1. Connect the black wire from the two-wire cable to the dark common screw terminal. 2. Connect the red and black wires from the three-wire cable to the traveler screw terminals. 3. Join the white neutral wires together with a wire connector and pigtail the grounding wires to the grounded metal box. 4. When the switch lies at the end of the circuit one cable enters the box. 5. The cable has a black wire, red wire, and white wire, plus a bare copper grounding wire. 6. Connect the black wire to the dark common screw terminal. 7. Connect the white and red wires to the two traveler screw terminals and the bare copper grounding wire to the grounded metal box.
I hope this help.

Mar 29, 2013 | Electrical Supplies

1 Answer

I need a wiring diagram for hayward pool filter model K48m2n11b3


Are you trying to wire a pool pump?
I found manuals at the Haywood site > I saw nothing for K48m2n11b or anything close to that number
http://www.haywardnet.com/inground/products/manuals.cfm

But lets work on the problem and see if I can give you some help:

After opening a few manual and searching for the word 'volt' and 'pump' ... each manual talks about 'pumps' generically, as if the pump is a separate purchase item.

Lower down on the manual page they have a list of pool pumps. A search for the word 'volt' inside the pump manuals says 'match supply voltage to motor nameplate voltage.'

As you know, each electric device has a label showing voltage, wattage, etc. Your pump should show 120Volts or 240V. I didn't see any mention of 3 phase wiring, so I assume your Haywood pump runs on typical residential wiring? And that you are not using 440Volt or 3 phase.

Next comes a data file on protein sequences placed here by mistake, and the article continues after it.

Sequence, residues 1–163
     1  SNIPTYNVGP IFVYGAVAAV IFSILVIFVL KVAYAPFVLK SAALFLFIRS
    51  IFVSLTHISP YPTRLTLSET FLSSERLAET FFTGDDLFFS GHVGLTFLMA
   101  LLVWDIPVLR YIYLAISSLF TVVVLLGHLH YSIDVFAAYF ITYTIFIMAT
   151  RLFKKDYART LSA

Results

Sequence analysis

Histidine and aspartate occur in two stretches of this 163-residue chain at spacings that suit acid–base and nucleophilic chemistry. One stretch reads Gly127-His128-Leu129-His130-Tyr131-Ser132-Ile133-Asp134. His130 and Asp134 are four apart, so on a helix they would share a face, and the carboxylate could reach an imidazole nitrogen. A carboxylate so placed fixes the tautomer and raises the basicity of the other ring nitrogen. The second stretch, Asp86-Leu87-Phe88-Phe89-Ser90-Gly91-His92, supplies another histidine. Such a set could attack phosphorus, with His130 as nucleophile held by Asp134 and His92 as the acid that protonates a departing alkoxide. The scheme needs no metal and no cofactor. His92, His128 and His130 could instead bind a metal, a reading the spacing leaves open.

The 120Volt pump will have a black, white and bare ground.
The 240Volt pump will probably have a black, white, red and bare ground
The 240Volt pump could have a black white and bare ground

First the 120V pump:
The 120Volt line from your breaker box will have a black Hot wire, white Neutral wire and bare ground >>> this wire connects color-to-color with pool pump

Next the 240V pump with black, white, red and bare ground
a) The 240Volt line from your breaker box can have the same 4 wires, in which case they connect color-to-color
b) The 240Volt line from your breaker box could have a black white and bare ground, in which case the black goes to black, the white goes to red, the bare coppers are connected, the white pump wire is capped off and not used. If pump does not operate with this wiring, another line from the breaker with wires that match pump might be necessary.

The 240V pump with black white and bare ground
a) The 240Volt line from breaker can have black, white, red and bare ground, in which case the black goes to black, the red goes to white, bare grounds are connected, the white wire is capped off
b) The 240Volt line from from breaker can have black white and bare ground, and this connects color-to-color to the pump